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Self-Reflective Talk Offers ‘How-to’ Hints on Personal Satisfaction

As the latest Pennsylvania College of Technology faculty member chosen to deliver the David London My Last Words Lecture, Jacob R. Miller shared a simple barometer of student success: “I would like to think that, at the end of every day, no matter what they have done that day, they can face themselves in the mirror.”

Drawing from life lessons, Jacob R. Miller advises students not to "dwell on failure, but own up to your shortcomings."
Drawing from life lessons, Jacob R. Miller advises students not to “dwell on failure, but own up to your shortcomings.”

Mindful that the lecture series has traditionally taken a mortality-driven tone – What would you tell students if you knew it was your last time to speak with them? – the associate professor and department head of computer information technology noted he had ample material from which to fashion such a speech.

In recent years, Miller told his Klump Academic Center Auditorium audience, he experienced a cardiac “incident” while under anesthesia for routine surgery and lost a fingertip in a table-saw accident that nonetheless left him able to “still count to 9 7/8” without taking off his shoes.

From injury to inspiration, Jacob R. Miller tells how a woodshop accident focused his message.
From injury to inspiration, Jacob R. Miller tells how a woodshop accident focused his message.

Although he realized how much more serious either situation could have been, Miller said the concept of “legacy” helped him draft a less-morbid message.

He chose instead to look at other life-altering transitions that students experience: commencement, full-time employment and new lives far beyond campus.

Miller gave due credit to the parents, friends and mentors who laid the groundwork for his students, but proudly noted his own paternalistic contribution to their development and asked, “What influence would I have liked to have?”

An audience of campus supporters, including the speaker's students and colleagues in the School of Industrial, Computing & Engineering Technologies, pays close attention.
An audience of campus supporters, including the speaker’s students and colleagues in the School of Industrial, Computing & Engineering Technologies, pays close attention.

While honed in the private sector and in public education, his insights encompassed the variety of hats he has worn throughout his life – Boy Scout, father, IT professional, co-worker, mentor and teacher, among them. Narrowing his considerable life experiences to a digest of helpful advice from a working-world perspective, he prescribed six basic rules for his students to follow: Be honest in all your dealings; leave things as good as you found them; give informed advice, but let people make their own decisions; strive for and contribute to the common good; be willing to take risks, but understand the risk you are taking; and live and let live.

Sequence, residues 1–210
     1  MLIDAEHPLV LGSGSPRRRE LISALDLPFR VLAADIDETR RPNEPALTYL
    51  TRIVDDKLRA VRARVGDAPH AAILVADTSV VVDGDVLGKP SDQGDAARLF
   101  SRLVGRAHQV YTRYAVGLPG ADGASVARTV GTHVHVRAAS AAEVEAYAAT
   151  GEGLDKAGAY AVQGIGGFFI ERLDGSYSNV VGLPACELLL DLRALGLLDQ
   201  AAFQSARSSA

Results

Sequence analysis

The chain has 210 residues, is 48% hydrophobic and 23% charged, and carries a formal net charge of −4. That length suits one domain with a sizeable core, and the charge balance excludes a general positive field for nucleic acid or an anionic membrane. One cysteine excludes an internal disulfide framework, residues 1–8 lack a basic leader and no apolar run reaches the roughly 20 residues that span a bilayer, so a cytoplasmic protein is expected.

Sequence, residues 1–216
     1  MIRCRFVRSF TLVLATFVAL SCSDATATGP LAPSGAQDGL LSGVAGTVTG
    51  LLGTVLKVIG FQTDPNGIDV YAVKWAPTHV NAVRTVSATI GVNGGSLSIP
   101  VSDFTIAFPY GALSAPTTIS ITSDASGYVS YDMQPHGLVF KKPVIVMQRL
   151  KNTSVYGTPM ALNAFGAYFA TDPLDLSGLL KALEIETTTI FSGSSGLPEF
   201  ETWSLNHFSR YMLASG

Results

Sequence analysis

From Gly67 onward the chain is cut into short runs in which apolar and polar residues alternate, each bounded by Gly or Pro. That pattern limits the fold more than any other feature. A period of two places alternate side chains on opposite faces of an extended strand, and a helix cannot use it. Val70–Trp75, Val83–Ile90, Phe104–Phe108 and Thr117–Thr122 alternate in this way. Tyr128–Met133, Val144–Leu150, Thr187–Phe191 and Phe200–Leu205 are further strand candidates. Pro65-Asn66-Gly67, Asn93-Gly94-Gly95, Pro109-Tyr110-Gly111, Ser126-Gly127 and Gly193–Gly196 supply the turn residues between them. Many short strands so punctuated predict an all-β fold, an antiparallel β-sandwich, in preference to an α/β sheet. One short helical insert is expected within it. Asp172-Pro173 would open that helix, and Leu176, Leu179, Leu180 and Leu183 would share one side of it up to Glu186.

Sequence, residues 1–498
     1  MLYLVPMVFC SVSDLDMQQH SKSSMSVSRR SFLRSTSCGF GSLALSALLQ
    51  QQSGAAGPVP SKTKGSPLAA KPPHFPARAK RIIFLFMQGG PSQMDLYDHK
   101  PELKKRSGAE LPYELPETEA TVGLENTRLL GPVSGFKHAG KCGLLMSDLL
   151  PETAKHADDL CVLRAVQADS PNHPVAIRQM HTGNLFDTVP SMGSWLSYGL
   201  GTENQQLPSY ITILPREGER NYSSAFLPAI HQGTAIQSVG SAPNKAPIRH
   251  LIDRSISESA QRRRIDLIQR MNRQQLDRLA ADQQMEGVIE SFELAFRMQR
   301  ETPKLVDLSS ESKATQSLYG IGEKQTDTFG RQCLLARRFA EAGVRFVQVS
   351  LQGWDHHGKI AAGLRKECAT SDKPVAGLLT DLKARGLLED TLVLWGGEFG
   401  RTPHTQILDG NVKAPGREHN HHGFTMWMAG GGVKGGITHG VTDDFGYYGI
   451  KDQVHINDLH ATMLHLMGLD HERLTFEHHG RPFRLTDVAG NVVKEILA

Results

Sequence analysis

And through it all, he made it clear that his priorities lie with Penn College enrollees and the employers who will hire them.

“If I don’t serve the students effectively,” he said, “the rest doesn’t matter.”

The plaque presentation, beneath a closing slide of Miller and "the man in the mirror"
The plaque presentation, beneath a closing slide of Miller and “the man in the mirror”

Near the close of his speech, Miller offered a tangible example that his philosophy is solidly on-track. During a network-security conference at which a Penn College student discussed an internship project, he was called aside by the young man’s manager – and, eventually, by a top company administrator – who told him of the student’s admirable work ethic, maturity, professionalism and responsibility.

“‘I want you to send me more interns,'” Miller said he was told by the CEO. “That made me smile … and made me very proud of ‘my kids.'”

Lecture attendees enjoy refreshments in Wrapture following the "My Last Words" presentation.
Lecture attendees enjoy refreshments in Wrapture following the “My Last Words” presentation.

The speaker was introduced by Benjamin S. Welch, an information technology: information assurance and security concentration major from State College, one of three students who nominated him for the prestigious campus honor.

Sara H. Ousby, associate director of student activities for diversity and cultural life, presented Miller with a plaque noting his embodiment of attributes important to London, an associate professor of speech communication/composition who died in May 2008.

A reception in Wrapture, a first-floor dining area on the ACC’s first floor, followed.

Video of Miller’s presentation is available on the college’s YouTube channel.

 

Photos by Abdullah H. Muaddi, student photographer

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